• March 2012
  • Vol. 13, No. 2

Printer-Friendly version of article

Site Visit: A Model for CFAs in Illinois

The Illinois Department of Children and Family Services (IDCFS) Integrated Assessment Program (IAP) is an example of how one statewide child welfare system is implementing comprehensive family assessments (CFAs) using a dual-professional approach. With a 5-year discretionary grant in 2007 from the Children's Bureau, IDCFS took the IAP—which was designed for children entering foster care—and extended it to intact families in need of services from the Department. The demonstration project was designed to (1) evaluate the IAP serving children in placement and (2) to adapt, implement, and evaluate the IAP for serving intact families.

At the heart of the IAP is the partnership between the child welfare caseworker assigned to work with the family and the IA screener. IA screeners are licensed clinicians employed by one of three university or hospital institutions that contract with IDCFS for this program. The collaboration between caseworker and screener facilitates indepth and accurate assessment across medical, social, developmental, mental health, and educational domains. Together the caseworker and IA screener interview children, parents, and caregivers; assess family dynamics; conduct developmental assessments; review case documentation; and integrate the information to produce a thorough, written IA report with clinical observations and recommendations.

The IA report is then used by the caseworker and supervisor to develop a strengths-based case plan and coordinate with other providers and support systems. The front-end screening process yields a timely and comprehensive assessment of family functioning and allows workers to work with parents to address underlying issues and prioritize and engage with services that meet the family's needs.

The IA process for intact families comprises the following three steps:

  • The Initial Assessment Phase begins after a report of maltreatment is assigned to a Child Protection Investigator to assess threats to safety, risk factors, and the need for intervention. Families that are determined to pose the highest risk factors for disruption are eligible for random assignment. If selected through a random assignment program designed and managed by the project evaluation team, an IA screener is assigned and participates in the hand-off meeting, during which the case is transferred from the investigator to the intact family caseworker.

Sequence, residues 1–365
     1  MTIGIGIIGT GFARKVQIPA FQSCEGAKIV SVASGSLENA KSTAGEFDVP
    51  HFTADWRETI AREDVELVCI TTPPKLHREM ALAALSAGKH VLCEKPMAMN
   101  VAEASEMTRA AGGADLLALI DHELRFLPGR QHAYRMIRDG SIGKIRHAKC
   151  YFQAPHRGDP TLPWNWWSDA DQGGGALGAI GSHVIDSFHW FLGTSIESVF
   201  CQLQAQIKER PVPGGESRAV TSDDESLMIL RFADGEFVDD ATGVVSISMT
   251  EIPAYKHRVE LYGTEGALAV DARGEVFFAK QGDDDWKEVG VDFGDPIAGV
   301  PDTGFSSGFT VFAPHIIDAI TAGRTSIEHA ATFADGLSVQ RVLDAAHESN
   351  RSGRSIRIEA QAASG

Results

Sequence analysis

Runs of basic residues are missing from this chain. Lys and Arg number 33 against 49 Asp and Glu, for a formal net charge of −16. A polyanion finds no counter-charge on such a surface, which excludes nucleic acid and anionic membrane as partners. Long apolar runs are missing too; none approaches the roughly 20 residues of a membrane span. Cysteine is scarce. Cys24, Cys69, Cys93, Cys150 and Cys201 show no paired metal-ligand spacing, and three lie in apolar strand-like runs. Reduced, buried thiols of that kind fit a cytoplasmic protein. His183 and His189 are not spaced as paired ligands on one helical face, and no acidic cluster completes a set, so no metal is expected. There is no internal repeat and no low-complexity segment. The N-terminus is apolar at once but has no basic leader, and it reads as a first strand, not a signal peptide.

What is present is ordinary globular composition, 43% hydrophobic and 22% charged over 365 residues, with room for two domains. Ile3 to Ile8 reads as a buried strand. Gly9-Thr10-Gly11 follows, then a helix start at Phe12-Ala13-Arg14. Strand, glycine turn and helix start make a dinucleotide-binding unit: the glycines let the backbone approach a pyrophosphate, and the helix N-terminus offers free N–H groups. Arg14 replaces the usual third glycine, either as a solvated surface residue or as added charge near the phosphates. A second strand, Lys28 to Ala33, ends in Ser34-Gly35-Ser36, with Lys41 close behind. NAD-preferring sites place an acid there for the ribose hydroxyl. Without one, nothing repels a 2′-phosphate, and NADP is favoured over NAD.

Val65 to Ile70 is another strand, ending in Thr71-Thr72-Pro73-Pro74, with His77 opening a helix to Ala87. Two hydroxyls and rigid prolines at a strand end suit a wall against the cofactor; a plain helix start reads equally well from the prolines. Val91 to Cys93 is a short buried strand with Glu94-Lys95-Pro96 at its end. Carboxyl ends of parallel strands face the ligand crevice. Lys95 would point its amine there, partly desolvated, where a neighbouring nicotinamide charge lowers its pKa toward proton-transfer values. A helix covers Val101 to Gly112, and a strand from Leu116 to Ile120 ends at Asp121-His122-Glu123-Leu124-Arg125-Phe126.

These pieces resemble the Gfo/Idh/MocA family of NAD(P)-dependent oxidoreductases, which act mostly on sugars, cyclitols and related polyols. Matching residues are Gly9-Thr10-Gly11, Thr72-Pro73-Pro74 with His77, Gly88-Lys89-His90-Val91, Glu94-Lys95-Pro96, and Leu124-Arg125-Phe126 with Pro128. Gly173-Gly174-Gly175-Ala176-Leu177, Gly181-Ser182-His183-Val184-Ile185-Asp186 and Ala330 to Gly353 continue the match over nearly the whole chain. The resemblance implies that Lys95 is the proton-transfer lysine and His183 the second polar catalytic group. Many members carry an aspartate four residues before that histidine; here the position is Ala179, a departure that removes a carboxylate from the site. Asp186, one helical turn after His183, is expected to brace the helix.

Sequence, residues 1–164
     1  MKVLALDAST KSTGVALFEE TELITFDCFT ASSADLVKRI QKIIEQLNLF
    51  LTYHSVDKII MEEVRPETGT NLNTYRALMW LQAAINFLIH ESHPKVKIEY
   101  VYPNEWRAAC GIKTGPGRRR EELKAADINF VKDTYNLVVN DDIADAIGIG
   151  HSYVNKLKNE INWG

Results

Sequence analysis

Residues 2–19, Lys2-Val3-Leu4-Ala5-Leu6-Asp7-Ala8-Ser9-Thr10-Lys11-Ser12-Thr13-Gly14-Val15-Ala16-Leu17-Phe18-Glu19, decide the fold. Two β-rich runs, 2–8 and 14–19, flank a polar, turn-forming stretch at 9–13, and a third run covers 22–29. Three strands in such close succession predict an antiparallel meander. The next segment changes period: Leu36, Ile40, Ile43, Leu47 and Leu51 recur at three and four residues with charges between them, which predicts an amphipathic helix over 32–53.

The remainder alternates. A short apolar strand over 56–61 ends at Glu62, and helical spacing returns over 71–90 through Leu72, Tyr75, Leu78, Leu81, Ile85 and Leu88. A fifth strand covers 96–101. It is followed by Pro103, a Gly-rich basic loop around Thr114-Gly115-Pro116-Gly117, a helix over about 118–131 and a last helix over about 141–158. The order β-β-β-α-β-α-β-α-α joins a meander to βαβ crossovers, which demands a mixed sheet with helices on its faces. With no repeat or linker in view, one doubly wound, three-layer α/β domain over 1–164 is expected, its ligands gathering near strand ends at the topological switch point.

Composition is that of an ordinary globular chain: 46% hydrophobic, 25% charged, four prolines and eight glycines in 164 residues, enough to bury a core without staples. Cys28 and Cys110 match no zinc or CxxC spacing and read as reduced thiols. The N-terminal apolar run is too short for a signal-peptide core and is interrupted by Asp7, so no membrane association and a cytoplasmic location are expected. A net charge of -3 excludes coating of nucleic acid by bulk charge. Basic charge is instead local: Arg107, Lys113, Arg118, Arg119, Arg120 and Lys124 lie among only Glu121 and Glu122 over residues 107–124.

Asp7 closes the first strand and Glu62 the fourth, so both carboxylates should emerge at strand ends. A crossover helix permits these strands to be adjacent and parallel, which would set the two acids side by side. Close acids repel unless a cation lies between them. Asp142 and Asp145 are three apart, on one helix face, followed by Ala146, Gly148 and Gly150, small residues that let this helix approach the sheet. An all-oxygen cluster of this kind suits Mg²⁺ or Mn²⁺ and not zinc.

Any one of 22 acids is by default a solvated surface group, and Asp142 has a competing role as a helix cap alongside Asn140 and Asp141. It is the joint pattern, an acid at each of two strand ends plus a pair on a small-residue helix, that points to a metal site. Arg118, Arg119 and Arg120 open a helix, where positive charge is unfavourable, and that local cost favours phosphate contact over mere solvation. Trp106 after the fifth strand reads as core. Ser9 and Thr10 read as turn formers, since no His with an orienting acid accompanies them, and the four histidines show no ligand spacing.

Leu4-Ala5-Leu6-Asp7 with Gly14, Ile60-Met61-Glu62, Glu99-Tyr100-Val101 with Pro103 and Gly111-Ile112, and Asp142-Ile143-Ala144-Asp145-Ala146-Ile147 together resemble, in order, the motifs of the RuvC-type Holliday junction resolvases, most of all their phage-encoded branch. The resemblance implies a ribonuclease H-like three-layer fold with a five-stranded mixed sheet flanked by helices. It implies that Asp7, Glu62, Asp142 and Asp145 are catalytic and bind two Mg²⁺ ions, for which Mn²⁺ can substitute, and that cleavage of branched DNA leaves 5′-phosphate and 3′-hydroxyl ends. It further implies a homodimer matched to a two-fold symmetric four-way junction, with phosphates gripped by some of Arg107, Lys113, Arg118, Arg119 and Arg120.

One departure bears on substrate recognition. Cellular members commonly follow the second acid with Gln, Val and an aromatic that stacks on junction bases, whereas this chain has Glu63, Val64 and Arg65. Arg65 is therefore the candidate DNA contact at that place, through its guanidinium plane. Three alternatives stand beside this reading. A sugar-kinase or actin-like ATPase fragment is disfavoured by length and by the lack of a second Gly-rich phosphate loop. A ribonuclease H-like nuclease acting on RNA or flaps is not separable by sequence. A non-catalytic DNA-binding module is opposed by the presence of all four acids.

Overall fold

• The Integrated Assessment Phase is highly collaborative and involves an IA team composed of the child, parents or guardians, stepparents, caregivers, caseworker, supervisor, and the IA screener and supervisor. Screenings and interviews are conducted using the Child and Adolescent Needs and Strengths (CANS) assessment tool, the Ages and Stages Questionnaire, and other tools. Within 40 days, the caseworker and supervisor conduct a family team meeting to discuss IA recommendations and begin developing the service plan. The clinical screener remains available for 90 days to complete additional interviews if family composition changes or previously unavailable parents engage in the process.
  • The Ongoing Integrated Assessment is the continuation of the collaboration among the case manager, the family, and service providers throughout the life of the case and after the screener is no longer involved. The service plan and the IA report are updated at a minimum of every 6 months to document the family's progress in completing services and addressing risk factors.

Field staff reported during the site visit that the IAP provides a number of significant advantages in their work with intact families, including:

  • Earlier and better identification of services
  • Coaching and mentoring opportunities between screeners and caseworkers
  • Improved quality of information compared to standard interviews by one caseworker
  • Improved family engagement because the family feels more comfortable with the screener and with the holistic nature of the questions

Other benefits noted in evaluation reports released thus far include increased engagement of fathers and better inclusion of educational experiences and considerations. These reports focus on the evaluation of IAP with families that have a child placed in foster care.

For more information about this project, contact Melissa Frank, Grant Administrator, Melissa.Frank@Illinois.gov

The full site visit report will soon be posted on the Child Welfare Information Gateway website:


The Model for Comprehensive Family Assessments is funded by the Children's Bureau (Award #90-CA-1752). This article is part of a series highlighting successful Children's Bureau grant-funded projects around the country, emerging from Children's Bureau site visits.

<<  Previous Section   <  Previous Article   Next Article  >   Next Section  >>